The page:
How To Make A Difference

Charles H. Moore

Shaping the Future of Corporate Philanthropy

Editors’ Note

Charles Moore has served as CEO of a variety of companies, including Allied Thermal, Clevepak Corporation, Ransburg Corporation, and Peers Managment He also served as Director of Athletics at Cornell University. He assumed his current post in 1999, and was selected as the 2008 Nonprofit CEO of the year by CRO magazine. Moore is a B.M.E. graduate of Cornell University.

Organization Brief

CECP (www.corporatephilanthropy.org) is a membership forum comprised of 175 CEOs and chairpersons committed to corporate philanthropy. Its members represent companies responsible for more than 40 percent of all corporate philanthropy in the U.S., and its mission is to lead the business community in raising the level and quality of corporate philanthropy.

What trends are you seeing in corporate philanthropy, and how is it evolving?

Last year, at our CEO Conference, Jeff Immelt (GE CEO) was very clear that he saw business at a point of reset. This year, we partnered with McKinsey & Company to probe the game-changing trends that will shape the landscape of corporate community involvement in the next 10 years. This forward-looking approach is consistent with more and more companies looking to integrate their social strategies with their business strategies in order to reinforce their competitive advantage, bringing the best of their business practices to their philanthropy. Companies are always more effective when they’re actively engaged in solving problems, as opposed to just funding problem-solving by others. Who better to address some of these complex problems than the corporations who can employ all of their financial, scientific, and strategic resources?

On the morning of International Corporate Philanthropy Day, CECP challenged leading CEOs to think about what the world – and the environment for business – could look like in the year 2020 if executives proactively adopt a solutions-oriented mindset on local and global social issues. This was the first in a three-part series of conferences staged by the Committee in 2010 in which global leaders will come together in closed-door sessions to investigate the opportunities and implications of the theme: Solving Social Problems through Business Strategy.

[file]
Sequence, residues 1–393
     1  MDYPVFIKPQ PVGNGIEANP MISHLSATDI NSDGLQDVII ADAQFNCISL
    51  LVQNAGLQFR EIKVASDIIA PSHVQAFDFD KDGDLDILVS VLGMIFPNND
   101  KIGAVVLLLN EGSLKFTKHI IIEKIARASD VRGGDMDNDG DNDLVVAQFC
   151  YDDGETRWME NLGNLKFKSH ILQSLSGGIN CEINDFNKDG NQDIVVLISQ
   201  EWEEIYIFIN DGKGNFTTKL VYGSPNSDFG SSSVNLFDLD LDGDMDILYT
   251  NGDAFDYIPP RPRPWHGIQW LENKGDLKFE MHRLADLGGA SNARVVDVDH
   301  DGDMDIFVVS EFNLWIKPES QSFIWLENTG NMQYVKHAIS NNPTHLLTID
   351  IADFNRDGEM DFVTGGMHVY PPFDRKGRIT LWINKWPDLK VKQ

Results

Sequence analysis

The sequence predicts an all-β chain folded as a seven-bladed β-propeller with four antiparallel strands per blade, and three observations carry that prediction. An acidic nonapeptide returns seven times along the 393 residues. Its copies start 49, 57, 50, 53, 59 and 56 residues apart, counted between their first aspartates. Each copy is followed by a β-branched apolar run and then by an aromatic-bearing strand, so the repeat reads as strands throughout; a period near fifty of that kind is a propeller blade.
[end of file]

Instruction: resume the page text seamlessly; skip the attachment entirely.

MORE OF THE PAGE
The following are a few of the poll results from this interactive event:

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Many talk about the importance of tracking impact of these programs with metrics, as is done in business. Is there a focus on building a clear model of how that can be done, and how important is it?

Absolutely, and we do it in two ways: CECP has the only online, on-demand tool to measure and benchmark corporate giving, which includes not only what you’re giving and where, but why you’re giving it, because the motivations are always important. We have an amazing repository of $60 billion of corporate giving data, which is an invaluable resource.

Now, with the U.N. Global Compact, we are creating the first global set of principles, and the framework for measuring responsible social investment. So we are establishing the guidelines and principles for the world. Imagine getting 200 countries to agree on what’s in and what’s out in terms of how you invest in your communities? This is a huge step for companies in learning best practices in corporate giving.

In addition, the world has long known that it isn’t what you give, it’s what you’re accomplishing. There’s been some academic work done on measuring societal benefits, but very little done on the business benefits. So last year, we had the good fortune of having a Goldman Sachs Public Service Fellow spend a year researching this topic. The resulting breakthrough study, “Measuring the Value of Corporate Philanthropy: Social impact, business benefits, and investor returns,” focuses on three conversations: between the Senior Giving Officer and the grantee, between the CEO and the Senior Giving Officer, and between the CEO and the investor community.

The U.S. and parts of Western Europe have traditionally led corporate philanthropy, but have you seen an increasing focus from other regions internationally?

Yes, absolutely. In time, what a U.S. company does will be not much different than what a European company or an Asian company does. In 2010, CECP will for the first time hold two international CEO Conferences: in London on May 7, and in Abu Dhabi on November 11. These gatherings are amazing opportunities to compare results from the poll questions asked of CEOs in New York with those in these international locations. In Europe, the lead discussants will be Peter Brabeck-Letmathe, Chairman of Nestlé, who is one of the foremost in the world in terms of creating shared value; and Andrew Witty of GlaxoSmithKline, whose programs are literally eradicating diseases.

Corporations increasingly want to be part of the solution, and CEOs want to get involved. CECP is leading the way in setting the principles and the framework for accountability and strategy, helping business CEOs take ownership in leading their businesses and making this a better world.